Namely, the Order of the Cloud Serpent, the Tillers and the Anglers are good examples of how dailies should be used. Not only do you have the dailies themselves, but there are turn ins that allow those who choose to grind out these reputations the option of doing them at their own pace. There are eggs with the Cloud Serpents and soil items for the Tillers, meaning that players can chase down the goodies as quickly as they like. In addition to this, there are normal quests that progress the story, help you to feel like you’re developing, and they also reward even more reputation for you to bank.
The key to this, however, is in one fact:
The rewards are entirely optional.
Mounts, pets, things for your farm or helpful fishing items are all very well, but are generally unrelated to anything else. If you want them you can chase them, but there’s no requirement to do so if you’re not interested in dailies or their rewards. Alas, the same cannot be said about the Valor vendors – if raids and dungeons are your thing, and you dislike quests, you’re still stuck with dailies so that you can spend your raid-earned currency. Dailies aren’t a choice for you, they’re a necessity, and with no alternative, there can only be one solution.
It’s just another needless grind that you’re shoved into.
So the key to good dailies is making them optional?
Well, not entirely, no.
Hiratha was telling me yesterday that she loved the Tol Barad dailies, largely because they were fun and randomized each day so you weren’t doing the same thing. I can get onboard with that, and genuinely think the same of the dailies in Pandaria – they’re imaginative, uncomplicated and a good laugh in some cases. I think the major snag is that when players feel like they’re doing them by necessity, they just want them over and done with as quickly as possible and have no interest in stopping to smell the roses.
I don’t think that’s the only snag, though.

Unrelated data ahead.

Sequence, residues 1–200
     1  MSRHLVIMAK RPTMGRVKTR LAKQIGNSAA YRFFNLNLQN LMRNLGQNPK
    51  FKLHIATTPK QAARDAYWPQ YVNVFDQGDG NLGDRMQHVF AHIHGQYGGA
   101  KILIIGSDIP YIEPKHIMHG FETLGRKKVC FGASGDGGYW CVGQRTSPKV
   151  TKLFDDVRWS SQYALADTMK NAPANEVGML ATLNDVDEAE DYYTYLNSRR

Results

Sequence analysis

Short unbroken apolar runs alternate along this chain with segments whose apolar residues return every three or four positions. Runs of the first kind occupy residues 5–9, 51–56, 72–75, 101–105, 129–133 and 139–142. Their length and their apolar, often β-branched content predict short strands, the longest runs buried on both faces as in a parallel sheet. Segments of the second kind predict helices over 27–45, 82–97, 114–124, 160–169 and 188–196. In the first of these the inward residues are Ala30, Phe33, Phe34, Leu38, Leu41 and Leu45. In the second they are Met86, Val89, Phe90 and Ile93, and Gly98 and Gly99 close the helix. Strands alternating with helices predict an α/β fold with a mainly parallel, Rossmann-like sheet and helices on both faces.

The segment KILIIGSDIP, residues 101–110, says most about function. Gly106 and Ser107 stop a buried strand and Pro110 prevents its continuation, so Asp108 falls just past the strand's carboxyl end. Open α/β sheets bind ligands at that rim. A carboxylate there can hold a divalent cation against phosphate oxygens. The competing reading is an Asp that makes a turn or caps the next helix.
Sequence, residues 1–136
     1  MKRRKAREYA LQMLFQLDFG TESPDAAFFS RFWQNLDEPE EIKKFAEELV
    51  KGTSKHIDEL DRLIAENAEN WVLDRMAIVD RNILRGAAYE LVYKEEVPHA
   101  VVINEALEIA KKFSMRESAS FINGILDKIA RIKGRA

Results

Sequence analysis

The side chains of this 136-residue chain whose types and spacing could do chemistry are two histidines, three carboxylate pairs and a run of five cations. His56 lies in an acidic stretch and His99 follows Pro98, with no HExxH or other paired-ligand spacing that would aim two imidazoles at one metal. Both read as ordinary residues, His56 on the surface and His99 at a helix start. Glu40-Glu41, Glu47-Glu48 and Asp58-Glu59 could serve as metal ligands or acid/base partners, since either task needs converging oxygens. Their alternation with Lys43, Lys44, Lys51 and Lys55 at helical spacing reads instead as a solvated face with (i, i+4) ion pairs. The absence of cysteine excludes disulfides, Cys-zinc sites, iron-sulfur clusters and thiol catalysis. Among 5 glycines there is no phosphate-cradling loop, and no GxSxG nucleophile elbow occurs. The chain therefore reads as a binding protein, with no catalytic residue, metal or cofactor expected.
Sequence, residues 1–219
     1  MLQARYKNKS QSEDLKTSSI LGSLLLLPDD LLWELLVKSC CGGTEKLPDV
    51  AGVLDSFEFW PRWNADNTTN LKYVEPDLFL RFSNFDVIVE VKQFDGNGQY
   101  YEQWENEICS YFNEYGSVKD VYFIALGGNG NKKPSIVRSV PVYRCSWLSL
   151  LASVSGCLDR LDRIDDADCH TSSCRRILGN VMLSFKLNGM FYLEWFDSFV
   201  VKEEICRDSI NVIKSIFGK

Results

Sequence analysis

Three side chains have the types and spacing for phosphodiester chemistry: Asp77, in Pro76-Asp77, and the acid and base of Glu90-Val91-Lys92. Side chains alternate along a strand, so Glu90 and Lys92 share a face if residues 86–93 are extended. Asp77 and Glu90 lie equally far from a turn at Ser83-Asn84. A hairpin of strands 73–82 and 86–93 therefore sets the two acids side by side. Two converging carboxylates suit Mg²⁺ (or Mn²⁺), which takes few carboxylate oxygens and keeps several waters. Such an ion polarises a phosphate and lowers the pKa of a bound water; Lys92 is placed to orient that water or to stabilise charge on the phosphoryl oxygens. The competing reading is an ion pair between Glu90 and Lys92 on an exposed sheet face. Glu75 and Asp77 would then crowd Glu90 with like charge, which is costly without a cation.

The best reputation grinds in Pandaria, for me, are the Order of the Cloud Serpent. This is because it’s optional, but also grindable via turn-ins. If you don’t like daily quests, you can simply go for a few hours blast in order to get the required items to turn in and you’re laughing. There’s also the sense of progression throughout the reputation levels as new one-time quests pop up and continue the story, simultaneously breaking up the monotony of the dailies and providing good stage boundaries for the player to judge their progress by.
So, this proves that daily quests can be fun, meaningful and non-grindy. Where’s the problem?
The problem is that this model looks eerily like something presented six years ago in Shadowmoon Valley.
The Order of the Cloud Serpent is almost a carbon-copy of the Netherwing grind for the shiniest of Outland’s drakes. And while fun sets of dailies can hardly be construed as a bad thing, the implication is clearly that despite all of the design iteration on quests and the years we’ve had since Netherwing, next to no actual improvements or innovations have been made to the model. It’s exactly the same. For me, it’s no real surprise that less-talented developers have taken longer to reach the same conclusion, but that’s precisely what’s happened.